BRDO CASTLE, Slovenia: European Commission President Ursula von der Leyen (center) and Netherlands’ Prime Minister Mark Rutte with Cyprus’ President Nicos Anastasiades (second right) and Greece’s Prime Minister Kyriakos Mitsotakis speak during the EU-Western Balkans summit at Brdo Congress Centre, near Ljubljana yesterday. – AFP

BRDO CASTLE, Slovenia: European leaders are divided on how to respond to the record rise in energy prices, with France and Spain calling yesterday for bold EU-wide action, while others urged patience. With winter fast approaching, the cost of energy in Europe is shooting ever higher, putting pressure on national governments, some of which implemented emergency measures.

Spain, France and Greece are asking for the EU as a whole to respond and have mooted a wide range of proposals to overhaul the continent’s highly fragmented energy market. “We have asked the (European) Commission to be bold in its response,” said Spanish Prime Minister Pedro Sanchez, as he arrived for an EU leaders’ summit in Slovenia.

“We are facing an unprecedented crisis that requires extraordinary, innovative and forceful measures from the EU,” he said. The European Commission is the EU’s executive arm that will next week propose measures to mitigate the price surge for consumers. The suggestions will then be discussed by the bloc’s leaders at a summit in Brussels on October 21-22.

Spain wants the EU to make “group purchases” of gas, much as the bloc did for vaccinations for Covid-19. Greece is asking for an EU fund to help governments weather the crisis. Other countries, led by Germany and the Netherlands, however urge caution. They argue that the energy crunch is short-term and related to the unprecedented supply shock in the wake of the coronavirus pandemic. Dutch Prime Minister Mark Rutte told reporters he had heard “wilder plans and also some quieter ones” from EU partners. While he did not “exclude that some more should be done at the European level”, that would come only after “a thorough analysis”.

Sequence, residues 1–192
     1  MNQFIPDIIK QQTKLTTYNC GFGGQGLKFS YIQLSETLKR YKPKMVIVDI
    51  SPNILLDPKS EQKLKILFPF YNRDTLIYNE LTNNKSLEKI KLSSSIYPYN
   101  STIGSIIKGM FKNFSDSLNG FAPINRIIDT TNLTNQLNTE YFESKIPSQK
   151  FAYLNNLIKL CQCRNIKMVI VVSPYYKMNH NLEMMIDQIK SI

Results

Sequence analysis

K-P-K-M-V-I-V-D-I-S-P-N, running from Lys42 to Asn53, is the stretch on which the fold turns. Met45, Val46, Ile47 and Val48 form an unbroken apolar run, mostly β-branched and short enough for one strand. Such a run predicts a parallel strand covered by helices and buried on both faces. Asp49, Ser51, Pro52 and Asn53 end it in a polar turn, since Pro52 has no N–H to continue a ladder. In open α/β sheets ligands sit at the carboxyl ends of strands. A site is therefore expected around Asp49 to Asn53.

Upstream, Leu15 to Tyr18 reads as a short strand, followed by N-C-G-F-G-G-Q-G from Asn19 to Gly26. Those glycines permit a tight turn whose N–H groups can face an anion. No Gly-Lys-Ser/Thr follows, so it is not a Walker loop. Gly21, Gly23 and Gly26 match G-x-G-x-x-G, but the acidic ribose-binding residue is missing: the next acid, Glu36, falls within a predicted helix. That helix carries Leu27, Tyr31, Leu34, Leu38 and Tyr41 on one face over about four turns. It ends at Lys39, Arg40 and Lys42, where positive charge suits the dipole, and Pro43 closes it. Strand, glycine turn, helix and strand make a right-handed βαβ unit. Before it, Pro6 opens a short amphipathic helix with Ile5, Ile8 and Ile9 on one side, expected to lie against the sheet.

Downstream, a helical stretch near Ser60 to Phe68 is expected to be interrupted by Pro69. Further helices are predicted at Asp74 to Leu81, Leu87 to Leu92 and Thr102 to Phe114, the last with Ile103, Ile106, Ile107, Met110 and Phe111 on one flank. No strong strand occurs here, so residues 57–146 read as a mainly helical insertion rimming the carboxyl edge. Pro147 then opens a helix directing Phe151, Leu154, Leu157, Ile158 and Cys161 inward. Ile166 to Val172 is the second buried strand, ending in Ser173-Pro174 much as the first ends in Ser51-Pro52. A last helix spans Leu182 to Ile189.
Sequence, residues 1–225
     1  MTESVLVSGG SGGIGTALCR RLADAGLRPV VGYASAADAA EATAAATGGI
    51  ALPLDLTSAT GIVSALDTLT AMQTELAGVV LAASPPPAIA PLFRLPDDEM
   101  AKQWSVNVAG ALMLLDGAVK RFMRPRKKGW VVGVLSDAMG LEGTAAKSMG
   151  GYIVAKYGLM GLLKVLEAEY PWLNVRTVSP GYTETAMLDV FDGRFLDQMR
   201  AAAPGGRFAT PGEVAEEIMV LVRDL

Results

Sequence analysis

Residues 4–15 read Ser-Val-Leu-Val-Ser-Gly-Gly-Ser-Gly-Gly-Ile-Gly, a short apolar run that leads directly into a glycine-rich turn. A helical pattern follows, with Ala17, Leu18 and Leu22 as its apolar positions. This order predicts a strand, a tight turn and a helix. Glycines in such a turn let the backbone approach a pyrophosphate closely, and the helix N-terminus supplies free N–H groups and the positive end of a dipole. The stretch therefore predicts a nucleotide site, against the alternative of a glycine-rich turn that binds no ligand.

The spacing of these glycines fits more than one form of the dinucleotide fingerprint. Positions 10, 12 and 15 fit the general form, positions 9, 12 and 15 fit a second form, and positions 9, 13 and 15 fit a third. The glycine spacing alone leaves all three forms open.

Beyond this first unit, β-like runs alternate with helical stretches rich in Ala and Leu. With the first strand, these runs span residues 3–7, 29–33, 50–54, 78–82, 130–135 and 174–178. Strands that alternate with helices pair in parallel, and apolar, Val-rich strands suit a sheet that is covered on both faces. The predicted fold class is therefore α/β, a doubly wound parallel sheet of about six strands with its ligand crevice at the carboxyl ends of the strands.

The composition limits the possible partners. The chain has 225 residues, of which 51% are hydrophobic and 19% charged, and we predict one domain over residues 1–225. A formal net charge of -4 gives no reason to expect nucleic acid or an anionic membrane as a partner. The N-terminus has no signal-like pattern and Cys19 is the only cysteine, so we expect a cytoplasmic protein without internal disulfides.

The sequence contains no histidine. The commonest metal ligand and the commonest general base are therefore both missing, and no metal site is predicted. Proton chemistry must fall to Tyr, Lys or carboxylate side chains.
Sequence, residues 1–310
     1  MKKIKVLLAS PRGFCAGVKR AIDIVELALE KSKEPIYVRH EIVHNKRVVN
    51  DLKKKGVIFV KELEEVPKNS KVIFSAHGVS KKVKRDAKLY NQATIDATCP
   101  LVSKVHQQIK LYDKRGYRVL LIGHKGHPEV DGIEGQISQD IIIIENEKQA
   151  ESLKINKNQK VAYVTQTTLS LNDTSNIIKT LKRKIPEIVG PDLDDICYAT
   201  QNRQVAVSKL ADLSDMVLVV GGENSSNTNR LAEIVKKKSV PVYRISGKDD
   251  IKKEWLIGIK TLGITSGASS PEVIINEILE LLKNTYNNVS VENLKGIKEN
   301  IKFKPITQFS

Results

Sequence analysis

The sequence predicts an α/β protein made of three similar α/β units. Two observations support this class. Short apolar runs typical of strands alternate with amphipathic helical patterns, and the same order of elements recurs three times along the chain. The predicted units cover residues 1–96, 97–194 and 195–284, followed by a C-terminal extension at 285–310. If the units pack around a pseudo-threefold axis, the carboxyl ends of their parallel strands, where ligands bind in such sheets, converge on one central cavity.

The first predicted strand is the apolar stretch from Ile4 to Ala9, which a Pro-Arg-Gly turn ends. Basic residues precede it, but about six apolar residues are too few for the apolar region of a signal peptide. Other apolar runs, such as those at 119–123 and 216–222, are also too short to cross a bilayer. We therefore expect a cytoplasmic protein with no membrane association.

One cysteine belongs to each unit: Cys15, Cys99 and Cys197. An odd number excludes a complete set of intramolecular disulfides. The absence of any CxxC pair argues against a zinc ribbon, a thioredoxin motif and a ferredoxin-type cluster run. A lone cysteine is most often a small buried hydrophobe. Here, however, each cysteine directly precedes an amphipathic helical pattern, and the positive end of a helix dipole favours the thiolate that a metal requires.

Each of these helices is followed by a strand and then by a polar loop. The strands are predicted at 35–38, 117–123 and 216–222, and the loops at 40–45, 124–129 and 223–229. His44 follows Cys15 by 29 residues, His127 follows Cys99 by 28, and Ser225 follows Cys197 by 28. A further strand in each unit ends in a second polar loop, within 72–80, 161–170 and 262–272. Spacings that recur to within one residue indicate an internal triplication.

Focus on clean energy
The German finance ministry last week also argued the surge was a unique effect of the “recovering world economy after the COVID crisis” and would eventually fade away. But Hungarian Prime Minister Viktor Orban, a bete noire for his EU counterparts, asserted that the price crunch was caused by new bloc-wide rules designed to bring the EU to zero-carbon emissions by 2050.

“We have to change some regulations otherwise everybody will suffer,” he said. Frans Timmermans, the EU commission’s climate change supremo tasked with making the bloc’s Green Deal happen, said the solution lay with quickly adopting clean-energy sources. “The quicker we increase our renewable energy sources, the quicker we can protect our citizens against price hikes in the traditional energy area,” Timmermans told reporters in Luxembourg. – AFP